Restrictive Rules Against Celebrating, Foul Language, Fancy Apparel Taking the Fun Out of Football

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Restrictive Rules Against Celebrating, Foul Language, Fancy Apparel Taking the Fun Out of FootballBack in your great-granddaddy’s day, football players didn’t need to spike the football or do a dance after scoring a touchdown. Amos Alonzo Stagg‘s boys at the University of Chicago simply juked and jived their way into the endzone and then handed the ball to the official.

Of course, the Maroons did a whole lot of other things, too, like employ two defensive backs behind nine-man fronts, rarely attempt a forward pass and play in front of capacity crowds of more than 1,000 fans.

This is the style traditionalists harken to whenever a player or coach does something supposedly disrespectful to the game. Apparently, Earl Bennett‘s shiny orange shoes, Rex Ryan‘s cussing and Rob Gronkowski‘s ball spike are the scourge of football and threaten to bring an end to the game we claim to love.

The height of ridiculousness came earlier this season when LSU punter Brad Wing had his first college touchdown wiped out because he — gasp! — raised his arms before crossing the goal line on a fake punt. This prompted a writer in Athens, Ga., where people are far from sympathetic to the Tigers, to insist excessive celebration penalties had gone too far.

There are certain types of activity that have to be weeded out, and Ndamukong Suh’s stomping incident on Thursday showed that. The iconic image of Chuck Bednarik posing over a prone Frank Gifford comes to mind. Disrespecting an opponent is never cool.

Here’s the thing about that Bednarik play, though: It happened in 1960. That’s the era so many old fuddy-duddies recall with fondness, as a time when the game was played the right way without all the prancing that is now a regular practice on Saturdays, Sundays and Mondays.

The inherent message there is that taking pleasure in a touchdown is abhorrent, but exulting in the pain of an opponent is the way football was meant to be played. That’s not the football I know.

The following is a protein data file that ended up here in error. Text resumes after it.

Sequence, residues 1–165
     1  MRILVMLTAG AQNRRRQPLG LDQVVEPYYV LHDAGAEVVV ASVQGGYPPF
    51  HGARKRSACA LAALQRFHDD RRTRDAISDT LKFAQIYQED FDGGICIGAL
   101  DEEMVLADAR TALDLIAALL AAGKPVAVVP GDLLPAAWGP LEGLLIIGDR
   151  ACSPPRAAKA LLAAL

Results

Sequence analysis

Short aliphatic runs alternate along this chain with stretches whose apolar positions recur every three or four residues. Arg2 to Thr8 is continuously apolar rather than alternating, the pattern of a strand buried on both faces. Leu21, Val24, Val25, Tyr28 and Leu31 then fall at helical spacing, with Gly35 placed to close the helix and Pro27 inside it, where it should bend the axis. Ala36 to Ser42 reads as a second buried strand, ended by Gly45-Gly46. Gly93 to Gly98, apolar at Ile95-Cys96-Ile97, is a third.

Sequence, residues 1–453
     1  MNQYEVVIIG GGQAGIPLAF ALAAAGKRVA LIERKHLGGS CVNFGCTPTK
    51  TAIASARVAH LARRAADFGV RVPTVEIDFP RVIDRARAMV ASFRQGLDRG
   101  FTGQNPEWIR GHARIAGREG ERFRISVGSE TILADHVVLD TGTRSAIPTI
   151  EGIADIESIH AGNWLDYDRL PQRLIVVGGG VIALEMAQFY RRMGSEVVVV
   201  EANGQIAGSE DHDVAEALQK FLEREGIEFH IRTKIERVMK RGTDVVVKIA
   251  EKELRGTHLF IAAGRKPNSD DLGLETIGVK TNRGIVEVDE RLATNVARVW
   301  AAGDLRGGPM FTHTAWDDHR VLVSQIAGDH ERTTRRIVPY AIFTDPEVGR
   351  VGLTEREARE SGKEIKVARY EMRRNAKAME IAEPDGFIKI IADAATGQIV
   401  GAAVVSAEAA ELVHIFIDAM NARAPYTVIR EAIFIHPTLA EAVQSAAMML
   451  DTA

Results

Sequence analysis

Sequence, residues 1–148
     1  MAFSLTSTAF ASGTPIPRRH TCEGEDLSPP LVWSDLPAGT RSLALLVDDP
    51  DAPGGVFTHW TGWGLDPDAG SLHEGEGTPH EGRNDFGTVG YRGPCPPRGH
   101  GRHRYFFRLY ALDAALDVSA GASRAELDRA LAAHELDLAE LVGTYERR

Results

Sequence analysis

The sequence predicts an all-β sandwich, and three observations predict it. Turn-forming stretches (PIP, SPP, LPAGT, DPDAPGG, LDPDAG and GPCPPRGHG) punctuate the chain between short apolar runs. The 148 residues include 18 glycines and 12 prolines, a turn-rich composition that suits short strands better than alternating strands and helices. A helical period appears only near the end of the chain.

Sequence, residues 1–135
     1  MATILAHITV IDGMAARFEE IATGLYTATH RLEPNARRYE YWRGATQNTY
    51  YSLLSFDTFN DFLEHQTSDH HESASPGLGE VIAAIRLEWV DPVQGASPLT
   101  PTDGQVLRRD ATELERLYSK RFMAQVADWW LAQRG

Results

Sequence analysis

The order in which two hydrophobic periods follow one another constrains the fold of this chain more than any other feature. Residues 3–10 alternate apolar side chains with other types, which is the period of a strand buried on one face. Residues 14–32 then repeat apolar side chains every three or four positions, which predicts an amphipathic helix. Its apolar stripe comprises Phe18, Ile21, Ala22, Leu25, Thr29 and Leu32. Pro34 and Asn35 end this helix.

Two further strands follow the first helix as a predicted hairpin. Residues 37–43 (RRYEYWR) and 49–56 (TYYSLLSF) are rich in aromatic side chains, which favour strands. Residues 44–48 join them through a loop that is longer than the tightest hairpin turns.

One truth becomes inherently obvious the more one learns about history: The good old days never existed. People whine about how there are no running backs like Barry Sanders, who simply tossed the ball to the official after crossing the goal line. When Sanders was playing 15 years ago, they were wondering what happened to players like Kellen Winslow, who had to be helped off the field after a 1982 playoff game. When Winslow was playing, they complained there were no more two-way players like Bednarik. When Bednarik played, they recalled the days when men were men and didn’t need helmets. When Stagg and Pop Warner introduced ball fakes, pre-snap motion and unbalanced formations, folks wondered what happened to the smashmouth violence of the late 1800s.

Football is entertainment. Kids play it because it’s fun, and sometimes those kids become good enough to play on national television. Sometimes, those players make plays that remind them of why they dreamed of playing this sport in the first place, and they get happy. They might even do as Gronkowski does and spike the ball now and again. It’s horrible, I know.

If you want to watch old-fashioned, salt-of-the-earth grinders punching in to work every day and deliberately going about their business, go visit a steel mill. If you want to watch guys in snazzy shoes perform incredible feats of physical excellence and then take pleasure in it, football should be the place for you.

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